All in all, this is a good book with a solid story. The characters are (for the most part) likable and genuine, and there’s a comfort here and I very much enjoyed this! There are a few melodramatic moments, but it was overall quite enchanting!
Bottom Line: Sweet and predictable, but overall enchanting!
My Review of In Farleigh Field
My Review of The Tuscan Child
4 thoughts on “ARC Review: The Victory Garden by Rhys Bowen”
I’ve never heard the term “land girl” before, but I confess I don’t read much historical fiction. I’ve found more and more lately that a book synopsis released by the publisher will be the spoiler-filled thing out there! If it doesn’t happen within the first 50 pages, it shouldn’t be on there. Even the book I recently review, Arrow’s Fall, had a spoiler on the back cover: “And, to her horror, Talia soon discovers there is far more going on at Prince Ancar’s court than just preparation for a hoped-for royal wedding. For a different magic than that of the Heralds is loose in Ancar’s realm — an evil and ancient sorcery that may destroy all of Valdemar unless Talia can send warning to her Queen in time!” Okay, Talia doesn’t leave for Ancar’s kingdom until page 135. She doesn’t learn about the ancient magic until somewhere around page 170. She doesn’t warn the Queen until a dozen pages after that! I mean, what a bunch of spoilers. The book is only 319 pages long. Do you have any ideas why this happens — the synopsis on the back of the book that spoils most of the story?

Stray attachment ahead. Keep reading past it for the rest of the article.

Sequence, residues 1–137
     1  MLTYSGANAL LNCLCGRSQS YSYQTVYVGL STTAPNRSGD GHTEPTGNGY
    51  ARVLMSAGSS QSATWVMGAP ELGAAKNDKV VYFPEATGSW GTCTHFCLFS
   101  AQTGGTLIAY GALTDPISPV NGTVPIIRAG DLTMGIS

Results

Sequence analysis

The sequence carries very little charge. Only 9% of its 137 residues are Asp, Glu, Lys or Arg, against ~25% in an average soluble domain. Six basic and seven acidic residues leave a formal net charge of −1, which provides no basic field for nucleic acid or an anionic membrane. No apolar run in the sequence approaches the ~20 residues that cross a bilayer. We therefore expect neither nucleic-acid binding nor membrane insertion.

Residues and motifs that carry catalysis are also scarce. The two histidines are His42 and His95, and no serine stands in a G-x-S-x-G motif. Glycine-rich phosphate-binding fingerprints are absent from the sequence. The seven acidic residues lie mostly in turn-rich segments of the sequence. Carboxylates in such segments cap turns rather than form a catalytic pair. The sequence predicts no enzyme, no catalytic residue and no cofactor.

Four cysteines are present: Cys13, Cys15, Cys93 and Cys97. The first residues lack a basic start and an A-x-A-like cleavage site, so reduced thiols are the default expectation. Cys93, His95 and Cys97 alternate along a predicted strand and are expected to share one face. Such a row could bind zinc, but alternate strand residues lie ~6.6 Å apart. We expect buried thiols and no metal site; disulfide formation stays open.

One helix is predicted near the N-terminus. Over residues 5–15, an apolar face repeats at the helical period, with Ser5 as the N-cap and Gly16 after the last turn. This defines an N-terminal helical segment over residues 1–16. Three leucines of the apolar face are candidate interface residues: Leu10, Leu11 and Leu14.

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Oh wow! Yeah, I don’t know why that happens – my only guess is that they want it to sound enticing and attract readers, and perhaps giving a rough idea doesn’t sound exiting enough? I don’t know. I was quite surprised as I read this book to realize that everything is given away in the synopsis! And then there are those books where the synopsis is so misleading that you have to wonder if the person who wrote the synopsis ever actually read the book…
I took a grad class on children’s literature and learned that book cover designers rarely read the book. The ones who do it professionally for a big publisher don’t have time. They get a synopsis and use that, so there have been some classic blunders throughout the last 100 years with covers that utterly fail to match the contents.
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You’d think someone would’ve stopped those bad covers from being used! I still remember seeing one cover for Anne of Green Gables and the girl didn’t have red hair… I find it hard to believe that no one noticed that before it was published! Perhaps they noticed but just didn’t care 😦
Every so often I come across a great cover that really has the spirit of the book, and I always wonder if those ones are so good because the artist/designer was able to read the book. Or if they just got lucky, or got a great synopsis of the book to begin with. This particular cover for The Victory Garden is perfectly fine, but fairly vague, so I would guess that the cover designer was just given the synopsis to work with here. And it works just fine here! Of course, that synopsis did spell everything out… 🙂